How To Change Your Default Apps On Android Phones

But what if you don’t have a certain app installed on your phone? For example, if someone sends you a Play Store link for a cool chess game. Tapping on the link takes you to the Play Store listing of an application that supports the Instant App feature. In a nutshell, an Instant App is a condensed web-based version of an app that lets you get a brief taste of it without having to download and install it. Not all Android applications support the Instant App system, and it is up to the developers to offer the convenience. A

For applications that support the Instant app functionality, there’s an option to specify the default link opening behavior — open the Play Store in a link in a browser, or directly launch the Instant app version in the Play Store. To do so, follow the steps below:

1. In the Settings app, head over to the Apps section.

2. Scroll down and open the Default apps section, and then select the Opening links option at the bottom.

3. On the next page, select Instant Apps preferences and then enable the toggle that says Upgrade web links.

4. Once enabled, users will be able to directly access the Instant Play option for eligible apps, as is depicted in the image above.

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US State Department phones were reportedly hacked by NSO spyware

At least nine employees of the US State Department working in or with Uganda had their iPhones hacked with spyware made by NSO Group, according to a report from Reuters. The Wall Street Journal has corroborated the story, putting the number of US and Ugandan embassy workers hacked at 11. While it’s unclear who carried out the attacks, NSO Group says it only sells its software to government organizations that have gotten approval from the Israeli government.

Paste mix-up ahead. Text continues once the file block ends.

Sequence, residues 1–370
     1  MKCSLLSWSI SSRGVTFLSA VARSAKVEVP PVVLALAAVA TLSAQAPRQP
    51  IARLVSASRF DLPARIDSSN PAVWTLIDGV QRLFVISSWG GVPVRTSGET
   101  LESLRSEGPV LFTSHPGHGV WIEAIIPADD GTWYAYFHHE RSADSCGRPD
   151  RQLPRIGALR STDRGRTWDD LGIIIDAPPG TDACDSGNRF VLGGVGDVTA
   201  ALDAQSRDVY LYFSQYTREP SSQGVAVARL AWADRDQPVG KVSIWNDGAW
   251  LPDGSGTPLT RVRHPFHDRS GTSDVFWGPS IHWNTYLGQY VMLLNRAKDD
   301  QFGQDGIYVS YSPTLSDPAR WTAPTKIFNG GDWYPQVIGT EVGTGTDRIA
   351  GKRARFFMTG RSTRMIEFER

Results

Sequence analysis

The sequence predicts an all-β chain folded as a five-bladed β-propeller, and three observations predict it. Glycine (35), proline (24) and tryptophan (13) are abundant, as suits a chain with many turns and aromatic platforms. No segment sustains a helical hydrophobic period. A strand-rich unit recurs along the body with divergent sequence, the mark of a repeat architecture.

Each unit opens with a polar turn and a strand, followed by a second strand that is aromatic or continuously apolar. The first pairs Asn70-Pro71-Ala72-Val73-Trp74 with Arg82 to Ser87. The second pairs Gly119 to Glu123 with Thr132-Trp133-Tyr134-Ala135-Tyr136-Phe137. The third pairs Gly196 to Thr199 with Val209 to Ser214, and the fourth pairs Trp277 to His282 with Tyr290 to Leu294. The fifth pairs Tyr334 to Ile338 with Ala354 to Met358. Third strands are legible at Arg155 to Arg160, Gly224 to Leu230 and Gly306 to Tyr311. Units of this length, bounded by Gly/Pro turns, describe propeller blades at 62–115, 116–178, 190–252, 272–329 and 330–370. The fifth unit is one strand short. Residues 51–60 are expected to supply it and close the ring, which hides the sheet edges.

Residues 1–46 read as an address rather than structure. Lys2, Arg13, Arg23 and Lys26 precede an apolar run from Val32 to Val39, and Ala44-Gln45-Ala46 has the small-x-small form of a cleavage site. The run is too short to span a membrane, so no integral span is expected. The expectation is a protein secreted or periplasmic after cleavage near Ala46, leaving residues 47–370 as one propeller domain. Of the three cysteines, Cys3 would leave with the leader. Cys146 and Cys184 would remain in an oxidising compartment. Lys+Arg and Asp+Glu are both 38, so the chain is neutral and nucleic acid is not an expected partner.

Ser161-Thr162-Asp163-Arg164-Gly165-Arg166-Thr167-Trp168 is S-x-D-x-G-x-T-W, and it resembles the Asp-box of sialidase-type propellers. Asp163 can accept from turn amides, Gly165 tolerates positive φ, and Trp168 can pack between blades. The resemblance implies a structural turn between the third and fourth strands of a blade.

NSO has claimed that its spyware isn’t able to target US phone numbers (that is, numbers with a country code of +1). This case doesn’t seem to disprove that claim — Reuters reports that, while the people targeted were employees of the State Department, they were using foreign telephone numbers. Still, the devices were used for official State Department business, suggesting NSO may now be implicated in an espionage effort against the US government.

According to Reuters, the attacks happened in “the last several months.”

NSO’s Pegasus spyware is capable of remotely logging data from an infected iOS or Android device and can be used to covertly turn on a phone’s microphones or cameras. It’s also designed to infect phones using a “zero-click” attack, in which spyware can be installed without the target clicking a link or otherwise taking action.

Pegasus is also not supposed to leave any traces, though investigators have developed some methods to determine if a phone was hacked by it. You can read our explainer on it here, which goes into the media investigations of its usage by governments to target journalists, politicians, and activists.

NSO, based in Israel, has to get approval from the Israeli Ministry of Defense before it sells its software to another government agency. NSO co-founder Shalev Hulio has insisted that the company doesn’t know who its clients are spying on using its software. The company also says that it will investigate clients if they’re using Pegasus on off-limits targets and cut off the client’s access to the software if there’s evidence of abuse.